Ken Robinson gives the impression that he is a great educationalist – but he shares with so many ministers, journalists and other detractors the belief that our education system is seriously flawed and that only his ideas can save it.
    In reality, most students get a pretty broad education, many become artists, designers, entrepreneurs etc.
    If he could demonstrate the positive effects of his ideas I would be more impressed.
    At present I am only impressed by his rhetoric.

  17. Preston says:

    It is always the way of myopic thinkers to bash the new. Sad I would bet non of you are an artist of any kind. Try it you may like it. The arts are the most important subject. Period. Sir ken is brilliant and many of you need something to rail against to feel better. Look at all the good it has done to be creative

  18. siamsev says:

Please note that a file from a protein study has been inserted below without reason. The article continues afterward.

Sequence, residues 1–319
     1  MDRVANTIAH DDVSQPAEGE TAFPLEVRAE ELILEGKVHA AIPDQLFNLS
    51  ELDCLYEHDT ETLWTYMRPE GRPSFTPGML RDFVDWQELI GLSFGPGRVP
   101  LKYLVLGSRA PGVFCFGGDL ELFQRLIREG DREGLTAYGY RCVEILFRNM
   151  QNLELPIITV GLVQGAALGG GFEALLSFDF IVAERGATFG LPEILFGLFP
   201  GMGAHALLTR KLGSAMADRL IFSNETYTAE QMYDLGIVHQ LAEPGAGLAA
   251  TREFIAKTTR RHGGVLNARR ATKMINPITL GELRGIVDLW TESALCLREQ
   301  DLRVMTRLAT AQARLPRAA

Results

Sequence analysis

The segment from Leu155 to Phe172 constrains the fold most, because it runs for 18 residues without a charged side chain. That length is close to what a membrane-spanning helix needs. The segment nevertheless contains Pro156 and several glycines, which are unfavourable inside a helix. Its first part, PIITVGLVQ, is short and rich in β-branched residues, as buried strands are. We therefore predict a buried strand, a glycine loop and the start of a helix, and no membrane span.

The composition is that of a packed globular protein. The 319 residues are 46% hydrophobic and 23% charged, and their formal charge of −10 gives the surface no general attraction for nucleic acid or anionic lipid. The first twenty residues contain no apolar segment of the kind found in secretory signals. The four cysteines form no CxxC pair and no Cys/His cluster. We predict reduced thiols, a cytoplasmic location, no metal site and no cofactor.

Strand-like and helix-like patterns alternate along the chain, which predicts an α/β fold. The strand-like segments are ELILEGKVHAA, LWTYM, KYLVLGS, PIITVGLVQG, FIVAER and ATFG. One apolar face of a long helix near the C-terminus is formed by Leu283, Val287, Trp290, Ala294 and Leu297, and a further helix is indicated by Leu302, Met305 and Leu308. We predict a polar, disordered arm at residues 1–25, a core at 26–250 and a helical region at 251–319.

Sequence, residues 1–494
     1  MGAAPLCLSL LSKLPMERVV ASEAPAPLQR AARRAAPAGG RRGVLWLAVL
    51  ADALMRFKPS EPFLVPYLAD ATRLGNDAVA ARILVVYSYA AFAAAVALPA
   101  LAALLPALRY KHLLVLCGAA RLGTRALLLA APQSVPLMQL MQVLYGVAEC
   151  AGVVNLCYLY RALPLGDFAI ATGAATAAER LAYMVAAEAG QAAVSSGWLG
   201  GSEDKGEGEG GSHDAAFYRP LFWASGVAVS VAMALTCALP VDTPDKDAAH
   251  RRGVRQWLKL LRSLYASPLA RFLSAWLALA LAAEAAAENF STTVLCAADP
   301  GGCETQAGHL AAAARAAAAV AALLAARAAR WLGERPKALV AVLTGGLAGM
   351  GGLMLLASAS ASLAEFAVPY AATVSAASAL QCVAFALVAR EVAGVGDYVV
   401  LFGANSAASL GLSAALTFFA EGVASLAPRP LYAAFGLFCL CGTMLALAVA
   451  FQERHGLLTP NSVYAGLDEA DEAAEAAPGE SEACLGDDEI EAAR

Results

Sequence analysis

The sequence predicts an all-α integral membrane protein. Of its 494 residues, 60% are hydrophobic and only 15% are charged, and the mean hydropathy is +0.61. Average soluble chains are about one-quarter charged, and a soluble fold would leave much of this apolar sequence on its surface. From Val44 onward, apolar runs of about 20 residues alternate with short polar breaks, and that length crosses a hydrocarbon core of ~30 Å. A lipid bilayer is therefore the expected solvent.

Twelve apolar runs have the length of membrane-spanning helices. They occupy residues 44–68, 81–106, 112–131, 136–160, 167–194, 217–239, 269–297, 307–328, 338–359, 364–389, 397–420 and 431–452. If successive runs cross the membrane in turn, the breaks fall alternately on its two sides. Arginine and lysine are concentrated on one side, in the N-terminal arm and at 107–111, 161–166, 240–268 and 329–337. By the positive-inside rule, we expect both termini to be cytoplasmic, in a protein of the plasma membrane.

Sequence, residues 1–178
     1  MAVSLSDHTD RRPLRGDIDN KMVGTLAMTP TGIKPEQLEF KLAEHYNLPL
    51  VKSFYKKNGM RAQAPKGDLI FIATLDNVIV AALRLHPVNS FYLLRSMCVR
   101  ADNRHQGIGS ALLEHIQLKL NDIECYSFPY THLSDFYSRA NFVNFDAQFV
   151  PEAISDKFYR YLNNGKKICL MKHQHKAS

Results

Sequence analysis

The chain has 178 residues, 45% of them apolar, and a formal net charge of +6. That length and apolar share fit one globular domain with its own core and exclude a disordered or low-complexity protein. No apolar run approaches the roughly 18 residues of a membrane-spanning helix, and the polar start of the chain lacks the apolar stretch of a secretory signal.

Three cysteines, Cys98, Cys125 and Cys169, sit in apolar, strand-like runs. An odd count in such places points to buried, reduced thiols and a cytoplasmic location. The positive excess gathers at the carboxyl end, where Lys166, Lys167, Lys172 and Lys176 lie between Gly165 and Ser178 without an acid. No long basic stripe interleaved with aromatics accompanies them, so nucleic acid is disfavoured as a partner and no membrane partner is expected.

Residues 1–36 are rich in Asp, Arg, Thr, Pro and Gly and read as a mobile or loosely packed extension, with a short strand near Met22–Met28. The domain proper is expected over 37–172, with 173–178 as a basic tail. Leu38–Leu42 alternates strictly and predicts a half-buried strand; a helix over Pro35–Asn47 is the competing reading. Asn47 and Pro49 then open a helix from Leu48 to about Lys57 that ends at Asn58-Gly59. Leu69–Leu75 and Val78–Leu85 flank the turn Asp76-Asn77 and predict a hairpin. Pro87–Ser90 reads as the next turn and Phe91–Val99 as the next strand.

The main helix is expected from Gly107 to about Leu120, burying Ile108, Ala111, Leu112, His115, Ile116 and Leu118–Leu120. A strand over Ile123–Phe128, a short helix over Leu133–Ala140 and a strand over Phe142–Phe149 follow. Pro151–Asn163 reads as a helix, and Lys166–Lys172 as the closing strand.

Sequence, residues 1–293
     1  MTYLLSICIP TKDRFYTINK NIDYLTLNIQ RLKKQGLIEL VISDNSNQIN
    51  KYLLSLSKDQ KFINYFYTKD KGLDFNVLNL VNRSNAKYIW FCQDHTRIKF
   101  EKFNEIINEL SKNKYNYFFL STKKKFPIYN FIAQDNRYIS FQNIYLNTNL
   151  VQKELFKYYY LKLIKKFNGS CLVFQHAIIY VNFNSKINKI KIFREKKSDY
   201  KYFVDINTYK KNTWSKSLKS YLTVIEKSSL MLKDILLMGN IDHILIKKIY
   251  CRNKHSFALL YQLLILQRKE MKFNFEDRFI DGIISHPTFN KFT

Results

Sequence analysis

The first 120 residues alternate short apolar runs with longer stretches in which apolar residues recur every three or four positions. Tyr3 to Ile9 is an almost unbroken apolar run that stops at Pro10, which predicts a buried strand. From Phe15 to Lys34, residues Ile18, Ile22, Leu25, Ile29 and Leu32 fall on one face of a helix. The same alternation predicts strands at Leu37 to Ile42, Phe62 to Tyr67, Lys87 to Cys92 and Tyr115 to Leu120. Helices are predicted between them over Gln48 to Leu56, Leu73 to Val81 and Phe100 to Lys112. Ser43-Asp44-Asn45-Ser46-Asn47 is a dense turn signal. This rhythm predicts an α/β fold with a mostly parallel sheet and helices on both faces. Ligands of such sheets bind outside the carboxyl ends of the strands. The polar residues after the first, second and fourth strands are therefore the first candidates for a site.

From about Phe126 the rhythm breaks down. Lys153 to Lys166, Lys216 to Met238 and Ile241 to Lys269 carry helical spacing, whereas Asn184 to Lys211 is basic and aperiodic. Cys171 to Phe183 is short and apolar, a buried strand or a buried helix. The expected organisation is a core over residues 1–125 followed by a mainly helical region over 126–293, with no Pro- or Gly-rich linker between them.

The whole problem with this article and with those who you use as your evidence is down to what you think education should be about. Academic results. As someone who did teach in a tough comprehensive in East London for many years, I can tell you that, from my experience, the current system of a purely academic based education (influenced by what the universities WANT rather than what the students NEED) fails many of the students in it. If you are either academically gifted or someone who knows how to play the exam system – you are rewarded by grades and accolades. If you are not – for various reasons – one of the above or if you are one of those students who from an early age realises that half of what you are taught in school has absolutely no relevance to what will happen once you leave education, you beome more bored or worse disheartened. It is difficult for someone to be told for half their day that they have failed to achieve what someone else has set them to achieve. So, they become bored or frustrated and then they begin to misbehave. You can throw as much scaffolding, as many study skills and all the Oxbridge educated teachers as you want at them – if someone cannot see the relevance of something they are working on because they know that their future does not lie in an academic route or that they feel that they are a failure every day of their lives, why are they going to bother trying to engage. Of course public schools do well. Its not the teaching in many cases – I have seen some of the worst teaching ever in private education – but because each of those students know that they have a route mapped out for uni and beyond. They have a tradition of uni attendance in their family, they have financial security (in most cases) and their future has been plotted out already in terms of some sort of educational route – school – uni – job. Perfect. If you dont want to go to uni however, that route is a long one to go down and a bit of a wasted journey.